New Year Honours: Community figures recognised

Staff reporters

New Year Honours: Community figures recognised

Pravesh Kumar

Community figures and leaders in their field have been recognised in the New Year Honours, announced at the end of December. 

The Express spoke to some of the recipients in our area about the work they have been doing and what it means to be recognised.


Pravesh Kumar, Slough: The founder of the UK’s most successful British South Asian touring company has been awarded an MBE for services to theatre.

Pravesh Kumar grew up in Slough and established the Rifco Theatre Company in 2000 to tell the stories and experiences of British Asians in a way that was both accessible and appealing to the community.

In 2011, he wrote and directed Britain’s Got Bhangra, a musical that deals with racism and theft of music in the British music industry.

Audiences also flocked to see his play, The Deranged Marriage, which covered the theme of honour and the hilarious mayhem of an Indian wedding.

In 2019, Pravesh also brought the story of Educating Yorkshire star Musharaf Asghar to the stage.

The hit Channel 4 show revealed the challenges ‘Mushy’ faced trying to manage his stammer in school.

Pravesh’s show Mushy: Lyrically Speaking explained how Musharaf discovered a rhythm in his voice through music and help from his inspirational teacher, Mr Burton.

Pravesh said: “I grew up looking at Windsor Castle in the distance from bedroom in Slough, this feels like a dream.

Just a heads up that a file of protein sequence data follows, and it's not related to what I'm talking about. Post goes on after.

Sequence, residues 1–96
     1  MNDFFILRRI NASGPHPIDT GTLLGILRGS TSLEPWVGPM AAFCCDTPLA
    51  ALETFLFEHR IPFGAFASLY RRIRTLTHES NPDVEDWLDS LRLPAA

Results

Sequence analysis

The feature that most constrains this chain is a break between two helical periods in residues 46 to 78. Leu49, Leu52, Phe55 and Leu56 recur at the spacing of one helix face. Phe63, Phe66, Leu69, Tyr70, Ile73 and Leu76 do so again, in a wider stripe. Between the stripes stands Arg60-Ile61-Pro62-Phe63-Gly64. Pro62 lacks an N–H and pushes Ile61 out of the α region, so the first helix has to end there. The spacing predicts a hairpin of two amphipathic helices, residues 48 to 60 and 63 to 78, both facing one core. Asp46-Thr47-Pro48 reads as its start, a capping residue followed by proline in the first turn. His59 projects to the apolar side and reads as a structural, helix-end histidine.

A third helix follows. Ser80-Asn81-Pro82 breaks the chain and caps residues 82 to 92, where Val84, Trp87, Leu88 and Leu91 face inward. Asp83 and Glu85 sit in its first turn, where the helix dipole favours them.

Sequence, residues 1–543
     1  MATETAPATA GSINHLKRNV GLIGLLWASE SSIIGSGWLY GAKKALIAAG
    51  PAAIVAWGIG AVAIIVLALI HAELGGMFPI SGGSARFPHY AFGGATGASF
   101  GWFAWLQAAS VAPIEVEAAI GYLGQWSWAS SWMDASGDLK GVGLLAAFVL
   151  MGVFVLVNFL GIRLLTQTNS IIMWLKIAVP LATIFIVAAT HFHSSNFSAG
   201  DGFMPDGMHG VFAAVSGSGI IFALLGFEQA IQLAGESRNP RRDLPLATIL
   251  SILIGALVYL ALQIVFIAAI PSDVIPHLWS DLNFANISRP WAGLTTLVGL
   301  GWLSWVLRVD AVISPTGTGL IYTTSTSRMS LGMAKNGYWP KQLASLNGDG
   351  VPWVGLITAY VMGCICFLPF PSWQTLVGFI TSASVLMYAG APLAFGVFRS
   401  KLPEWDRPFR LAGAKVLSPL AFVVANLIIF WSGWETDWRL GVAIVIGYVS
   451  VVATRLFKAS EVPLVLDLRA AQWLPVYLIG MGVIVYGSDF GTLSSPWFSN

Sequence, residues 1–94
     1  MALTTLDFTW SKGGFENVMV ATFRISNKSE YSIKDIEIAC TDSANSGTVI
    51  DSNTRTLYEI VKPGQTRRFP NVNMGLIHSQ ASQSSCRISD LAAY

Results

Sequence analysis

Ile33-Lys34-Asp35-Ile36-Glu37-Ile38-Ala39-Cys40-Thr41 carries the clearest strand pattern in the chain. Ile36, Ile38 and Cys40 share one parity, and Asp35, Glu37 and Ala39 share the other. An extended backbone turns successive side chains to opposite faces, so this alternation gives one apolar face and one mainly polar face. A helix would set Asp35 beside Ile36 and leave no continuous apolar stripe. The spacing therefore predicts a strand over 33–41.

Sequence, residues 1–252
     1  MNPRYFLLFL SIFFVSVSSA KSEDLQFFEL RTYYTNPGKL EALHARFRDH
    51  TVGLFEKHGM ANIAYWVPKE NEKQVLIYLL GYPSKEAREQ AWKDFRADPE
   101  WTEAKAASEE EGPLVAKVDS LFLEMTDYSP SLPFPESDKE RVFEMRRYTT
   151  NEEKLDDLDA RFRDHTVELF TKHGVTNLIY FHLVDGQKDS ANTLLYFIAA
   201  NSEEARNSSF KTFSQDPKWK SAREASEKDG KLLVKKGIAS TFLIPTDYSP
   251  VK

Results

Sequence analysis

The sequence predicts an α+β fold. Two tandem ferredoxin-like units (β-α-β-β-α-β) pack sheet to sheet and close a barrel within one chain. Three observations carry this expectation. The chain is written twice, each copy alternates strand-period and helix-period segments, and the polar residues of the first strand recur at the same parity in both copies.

“I am delighted to be recognised for my work and be in such esteemed company on 2022 Honours List. I have been making British Asian focused theatre for 21 years now and I feel blessed to have worked with such amazing creatives and actors.”

He added: “Our community rarely wants to talk about the serious issues and I realised that the only way to connect was through making the conversation accessible through entertainment and really open the doors to theatreland for a whole new audience.

“We’ve come so far as a community in this country and I think it is important to continue hold up a mirror to society and tell those untold stories.

“We haven’t quite reached anywhere near equality yet. Theatre remains a mostly white and middle class-led industry, where voices like mine are still rare.

“I am hoping that I have been able to cut down some of the big grass and clear pathways for others artists and leaders to walk on.”


Beverley Edwards, Slough: Beverley Edwards, from Slough, has been awarded a British Empire Medal for services to women in policing.